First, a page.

Auditor conflicts of interest : Prior to SOX. weak corporate governance procedures. issuing a buy or sell recommendation on a stock while providing lucrative investment banking services creates at least the appearance of a conflict of interest. indeed trillions of dollars in market value. challenging the company's accounting approach might damage a client relationship. In many cases. Senator Paul Sarbanes stated: The Senate Banking Committee undertook a series of hearings on the problems in the markets that had led to a loss of hundreds and hundreds of billions. Many of these consulting agreements were far more lucrative than the auditing engagement. specifically Audit Committees. Similar to the auditor conflict. In a 2004 interview. In the case of Enron. the risks of the company. Investors of these banks and their clients were hurt by such bad loans. They also performed significant non-audit or consulting work for the companies they audited. stock analysts' conflic of t interests. were self-regulated. who help provide companies loans or handle mergers and acquisitions. conceivably placing a significant consulting arrangement at risk. The analysis of their complex and contentious root causes contributed to the passage of SOX in 2002.. The hearings set out to lay the foundation for legislation. For example. This presented at least the appearance of a conflict of interest. or while ignoring. damaging the auditing firm's bottom line. Banking practices: Lending to a firm sends signals to investors regarding the firm's risk. are charged with establishing oversight mechanisms for financial reporting in U. and grossly inadequate funding of the Securities and Exchange Commission. several major banks provided large loans to the company without understanding. We scheduled 10 hearings over a six-week period. and were led to invest in Enron as a result. Boardroom failures: Boards of Directors.. These investors were hurt as well. In the interview cited above. provide opportunities for conflicts. Audit Committee members were not truly independent of management. Sarbanes indicated that enforcement and rule-making are more effective post-SOX. Others interpreted the willingness of banks to lend money to the company as an indication of its health and integrity. resulting in large settlement payments by the banks.practices. during which we brought in some of the best people in the country to testify. auditing firms. Inadequate funding of the SEC : The SEC budget has steadily increased to nearly double the pre-SOX level. the primary financial "watchdogs" for investors. Securities analysts' conflicts of interest: The roles of securities analysts.S.The hearings produced remarkable consensus on the nature of the problems: inadequate oversight of accountants. These scandals identified Board members who either did not exercise their responsibilities or did not have the expertise to understand the complexities of the businesses. inadequate disclosure provisions.     . lack of auditor independence. and investment bankers. corporations on the behalf of investors. who make buy and sell recommendations on company stocks and bonds.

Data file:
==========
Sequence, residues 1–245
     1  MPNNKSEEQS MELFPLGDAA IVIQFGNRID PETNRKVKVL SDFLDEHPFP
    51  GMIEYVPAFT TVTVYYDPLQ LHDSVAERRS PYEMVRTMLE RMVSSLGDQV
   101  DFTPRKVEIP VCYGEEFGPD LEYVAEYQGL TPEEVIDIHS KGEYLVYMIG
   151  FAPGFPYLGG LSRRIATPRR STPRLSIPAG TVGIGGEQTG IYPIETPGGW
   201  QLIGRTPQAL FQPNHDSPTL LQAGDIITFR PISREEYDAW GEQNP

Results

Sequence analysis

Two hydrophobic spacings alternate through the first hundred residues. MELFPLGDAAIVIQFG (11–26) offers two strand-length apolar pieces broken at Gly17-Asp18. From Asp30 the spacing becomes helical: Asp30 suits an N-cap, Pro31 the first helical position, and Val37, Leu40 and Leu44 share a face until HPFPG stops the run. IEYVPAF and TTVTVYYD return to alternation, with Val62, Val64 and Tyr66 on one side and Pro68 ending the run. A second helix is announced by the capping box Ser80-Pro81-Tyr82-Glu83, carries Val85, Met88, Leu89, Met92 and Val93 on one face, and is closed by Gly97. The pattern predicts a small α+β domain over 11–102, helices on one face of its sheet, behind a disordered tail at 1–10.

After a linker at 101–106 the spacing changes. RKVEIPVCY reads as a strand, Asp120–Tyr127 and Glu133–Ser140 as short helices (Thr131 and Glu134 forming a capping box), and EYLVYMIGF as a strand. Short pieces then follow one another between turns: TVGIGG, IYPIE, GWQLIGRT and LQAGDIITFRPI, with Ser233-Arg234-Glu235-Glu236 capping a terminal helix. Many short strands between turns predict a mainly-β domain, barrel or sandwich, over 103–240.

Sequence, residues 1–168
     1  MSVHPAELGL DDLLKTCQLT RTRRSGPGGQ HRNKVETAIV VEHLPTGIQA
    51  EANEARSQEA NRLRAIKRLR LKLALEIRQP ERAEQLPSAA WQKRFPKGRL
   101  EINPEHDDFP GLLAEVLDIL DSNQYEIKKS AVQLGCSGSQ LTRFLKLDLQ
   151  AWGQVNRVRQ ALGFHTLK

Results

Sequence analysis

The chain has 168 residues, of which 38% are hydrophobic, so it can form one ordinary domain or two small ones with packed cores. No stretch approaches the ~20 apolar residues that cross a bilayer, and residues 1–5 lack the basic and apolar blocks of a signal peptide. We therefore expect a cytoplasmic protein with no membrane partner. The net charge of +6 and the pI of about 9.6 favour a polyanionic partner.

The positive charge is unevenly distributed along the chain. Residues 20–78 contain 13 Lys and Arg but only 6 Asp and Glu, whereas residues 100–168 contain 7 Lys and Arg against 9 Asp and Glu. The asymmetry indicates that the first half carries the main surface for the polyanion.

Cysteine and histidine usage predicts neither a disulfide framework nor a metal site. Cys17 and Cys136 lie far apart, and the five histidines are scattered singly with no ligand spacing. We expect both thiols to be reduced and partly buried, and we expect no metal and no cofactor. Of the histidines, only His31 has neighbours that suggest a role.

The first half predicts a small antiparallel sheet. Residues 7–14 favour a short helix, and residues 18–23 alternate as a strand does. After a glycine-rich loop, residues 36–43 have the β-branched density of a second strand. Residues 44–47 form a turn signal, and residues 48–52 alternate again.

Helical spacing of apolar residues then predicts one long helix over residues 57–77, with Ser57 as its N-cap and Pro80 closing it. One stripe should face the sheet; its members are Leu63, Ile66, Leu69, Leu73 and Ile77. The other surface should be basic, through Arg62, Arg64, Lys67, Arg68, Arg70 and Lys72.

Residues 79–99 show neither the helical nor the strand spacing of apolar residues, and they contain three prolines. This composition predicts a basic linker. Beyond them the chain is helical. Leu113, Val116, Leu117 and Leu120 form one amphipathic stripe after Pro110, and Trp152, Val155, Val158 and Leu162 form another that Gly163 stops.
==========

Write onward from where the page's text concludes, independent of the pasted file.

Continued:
Senator Sarbanes¶ bill passed the Senate Banking Committee on June 18. and gave it the name "the Sarbanes±Oxley Act of 2002. 2002. The House then referred the "Corporate and Auditing Accountability. President George W. 2002. was preparing his own proposal. Sarbanes introduced Senate Bill 2673 to the full Senate that same day." resulted in pressures to manage earnings. The conference committee relied heavily on S. Sen. 2673 or added new prescriptions. Senate Bill 2673. however. 3763) on April 24. With a large stock-based bonus at risk. the Chairman of that Committee." The next day. The Sarbanes±Oxley Deskbook § 2±31. by a vote of 17 to 4. 2002. by declines in the overall market. Executive compensation: Stock option and bonus practices. encouraging this form of compensation. Internet bubble: Investors had been stung in 2000 by the sharp declines in technology stocks and to a lesser extent. by a vote of 334 to 90. On June 25. 3763). Oxley's bill (H. Senator Paul Sarbanes (D-MD). 2673 and ³most changes made by the conference committee strengthened the prescriptions of S. Stock options were not treated as compensation expense by companies. The House and the Senate formed a Conference Committee to reconcile the differences between Sen.R. and it passed 97±0 less than three weeks later on July 15. 2673) and Rep. Bush and the SEC. Bostelman. while quietly selling them. 2002. Responsibility. producing an overwhelming margin of victory: 423 to 3 in the House and 99 to 0 in the Senate. Oxley's bill (H. Bush signed it into law. 2002. WorldCom revealed it had overstated its earnings by more than $3. with significant differences in conclusions. stating it included "the most far-reaching reforms of American business practices since the time of Franklin D. The losses sustained also helped create a general anger among investors.  Timeline & Passage: The House passed Rep.8 billion during the past five quarters (15 months). both houses of Congress voted on it without change. Sarbanes's bill (S. Certain mutual fund managers were alleged to have advocated the purchasing of particular technology stocks. At the time. 2002." Cost Benefits of Sarbanes Oxley Act: A significant body of academic research and opinion exists regarding the costs and benefits of SOX. Roosevelt.) The Committee approved the final conference bill on July 24. managers were pressured to meet their targets.´ (John T. primarily by improperly accounting for its operating costs. On July 30. combined with volatility in stock prices for even small earnings "misses. and Transparency Act" or "CAARTA" to the Senate Banking Committee with the support of President George W. This is due in part to the difficulty of isolating the impact of .R.